Robinson v. Williams and East Carolina University, et al., No. 20-1636 (4th Cir.) February 1, 2023.
After a disastrous surgery, plaintiff, a cardiothoracic surgeon, sued defendant physician Williams because he said to others that plaintiff misread or failed to recognize the patient’s echocardiogram findings.
The trial court found that because plaintiff admitted that she did not read the echocardiograms at all, that defendant’s statements could not be false, and that, accordingly, the statements could not be actionable.
The U.S. Court of Appeals for the Fourth Circuit observed that the ‘misreading’ allegations would presuppose that there had been a reading in the first place.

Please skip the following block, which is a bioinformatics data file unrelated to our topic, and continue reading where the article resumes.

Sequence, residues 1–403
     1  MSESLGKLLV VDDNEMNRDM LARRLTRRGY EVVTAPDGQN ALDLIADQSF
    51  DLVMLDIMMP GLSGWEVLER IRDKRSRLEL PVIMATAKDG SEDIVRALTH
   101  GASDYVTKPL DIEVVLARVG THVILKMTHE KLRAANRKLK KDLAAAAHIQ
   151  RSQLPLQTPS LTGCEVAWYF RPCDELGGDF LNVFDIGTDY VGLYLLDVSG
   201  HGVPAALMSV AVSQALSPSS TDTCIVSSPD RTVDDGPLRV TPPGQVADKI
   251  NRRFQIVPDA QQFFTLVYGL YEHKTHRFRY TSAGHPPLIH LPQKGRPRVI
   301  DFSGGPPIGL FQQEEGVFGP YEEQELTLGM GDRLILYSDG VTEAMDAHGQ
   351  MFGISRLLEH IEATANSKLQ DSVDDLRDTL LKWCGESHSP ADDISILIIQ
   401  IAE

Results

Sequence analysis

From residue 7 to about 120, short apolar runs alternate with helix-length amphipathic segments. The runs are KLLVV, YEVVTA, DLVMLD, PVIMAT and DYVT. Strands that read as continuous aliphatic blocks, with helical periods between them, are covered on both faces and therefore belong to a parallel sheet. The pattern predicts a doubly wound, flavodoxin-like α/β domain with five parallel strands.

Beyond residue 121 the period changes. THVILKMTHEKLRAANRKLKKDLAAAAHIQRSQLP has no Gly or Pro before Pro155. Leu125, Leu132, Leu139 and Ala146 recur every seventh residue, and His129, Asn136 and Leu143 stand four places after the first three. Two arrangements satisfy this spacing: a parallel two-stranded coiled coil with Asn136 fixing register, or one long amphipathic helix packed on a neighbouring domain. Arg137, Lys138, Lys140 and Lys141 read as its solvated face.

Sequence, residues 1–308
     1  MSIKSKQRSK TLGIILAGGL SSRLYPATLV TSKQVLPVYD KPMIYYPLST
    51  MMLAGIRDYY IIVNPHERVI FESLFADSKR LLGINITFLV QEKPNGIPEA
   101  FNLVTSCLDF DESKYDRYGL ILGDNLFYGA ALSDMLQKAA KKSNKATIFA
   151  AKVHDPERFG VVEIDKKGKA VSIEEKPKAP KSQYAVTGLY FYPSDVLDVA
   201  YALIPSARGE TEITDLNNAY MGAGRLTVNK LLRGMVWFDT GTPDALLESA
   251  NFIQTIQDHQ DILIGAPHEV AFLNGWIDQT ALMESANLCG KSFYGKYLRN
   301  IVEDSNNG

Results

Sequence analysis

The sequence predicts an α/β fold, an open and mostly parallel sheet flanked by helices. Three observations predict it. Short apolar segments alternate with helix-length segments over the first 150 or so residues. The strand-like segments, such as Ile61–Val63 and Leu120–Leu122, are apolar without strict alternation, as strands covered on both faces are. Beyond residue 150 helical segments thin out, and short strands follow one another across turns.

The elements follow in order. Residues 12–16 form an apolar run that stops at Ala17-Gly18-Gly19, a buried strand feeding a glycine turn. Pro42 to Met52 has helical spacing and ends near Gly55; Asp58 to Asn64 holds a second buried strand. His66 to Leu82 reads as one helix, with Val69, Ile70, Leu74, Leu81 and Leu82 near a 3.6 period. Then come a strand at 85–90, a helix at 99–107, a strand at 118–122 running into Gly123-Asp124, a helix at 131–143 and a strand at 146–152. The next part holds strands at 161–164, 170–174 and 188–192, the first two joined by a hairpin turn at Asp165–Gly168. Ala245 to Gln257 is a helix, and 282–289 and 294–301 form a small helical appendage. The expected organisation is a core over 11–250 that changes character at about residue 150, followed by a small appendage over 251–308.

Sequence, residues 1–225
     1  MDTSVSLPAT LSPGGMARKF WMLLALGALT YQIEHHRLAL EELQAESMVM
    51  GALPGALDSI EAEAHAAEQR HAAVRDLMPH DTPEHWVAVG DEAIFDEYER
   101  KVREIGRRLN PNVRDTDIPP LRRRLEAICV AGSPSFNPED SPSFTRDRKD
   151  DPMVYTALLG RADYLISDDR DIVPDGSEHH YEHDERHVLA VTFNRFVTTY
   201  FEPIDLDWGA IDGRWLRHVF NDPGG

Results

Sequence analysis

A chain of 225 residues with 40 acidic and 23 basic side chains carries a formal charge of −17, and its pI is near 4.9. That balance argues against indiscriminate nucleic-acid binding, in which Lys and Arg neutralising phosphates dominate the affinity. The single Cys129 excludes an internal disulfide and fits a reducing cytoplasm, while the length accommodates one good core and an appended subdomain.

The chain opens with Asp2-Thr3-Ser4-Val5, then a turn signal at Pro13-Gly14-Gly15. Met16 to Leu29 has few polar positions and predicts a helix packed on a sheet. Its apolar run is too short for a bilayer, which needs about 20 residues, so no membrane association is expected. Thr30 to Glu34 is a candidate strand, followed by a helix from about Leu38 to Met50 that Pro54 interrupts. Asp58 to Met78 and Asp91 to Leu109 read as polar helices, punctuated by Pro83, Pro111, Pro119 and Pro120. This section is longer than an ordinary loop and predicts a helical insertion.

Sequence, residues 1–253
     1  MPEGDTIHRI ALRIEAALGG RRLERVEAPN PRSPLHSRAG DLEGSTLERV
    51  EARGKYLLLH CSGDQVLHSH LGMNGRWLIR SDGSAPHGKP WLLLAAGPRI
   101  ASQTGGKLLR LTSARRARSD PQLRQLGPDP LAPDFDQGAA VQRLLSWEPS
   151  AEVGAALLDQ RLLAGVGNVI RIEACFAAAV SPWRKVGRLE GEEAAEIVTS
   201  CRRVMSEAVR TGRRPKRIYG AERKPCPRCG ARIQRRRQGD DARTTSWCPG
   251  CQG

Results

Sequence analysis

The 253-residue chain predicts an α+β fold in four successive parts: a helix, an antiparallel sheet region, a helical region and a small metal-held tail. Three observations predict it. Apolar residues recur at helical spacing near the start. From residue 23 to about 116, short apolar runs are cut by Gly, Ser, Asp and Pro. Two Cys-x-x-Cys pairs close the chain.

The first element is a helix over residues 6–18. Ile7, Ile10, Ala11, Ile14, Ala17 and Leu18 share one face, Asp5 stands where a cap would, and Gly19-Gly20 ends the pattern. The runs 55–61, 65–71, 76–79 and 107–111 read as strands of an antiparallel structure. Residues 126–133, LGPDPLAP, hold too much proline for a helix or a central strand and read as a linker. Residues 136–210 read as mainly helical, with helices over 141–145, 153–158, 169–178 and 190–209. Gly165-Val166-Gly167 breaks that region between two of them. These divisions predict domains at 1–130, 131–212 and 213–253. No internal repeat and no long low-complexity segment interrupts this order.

From this the context must be examined – the implication that the plaintiff lacked skill to interpret the echocardiogram or that she failed to observe the standard of care by failing to read the test results at all.
As professionals could disagree about these matters which clearly implicate plaintiffs’ professional knowledge and conduct, the federal appellate court found the statements could be actionable, particularly as plaintiff was terminated from her employment and cannot find new employment.
Summary judgment has been vacated and the case remanded for further proceedings.
Robinson v. Williams, et al., No. 20-1636 (4th Cir.) February 1, 2023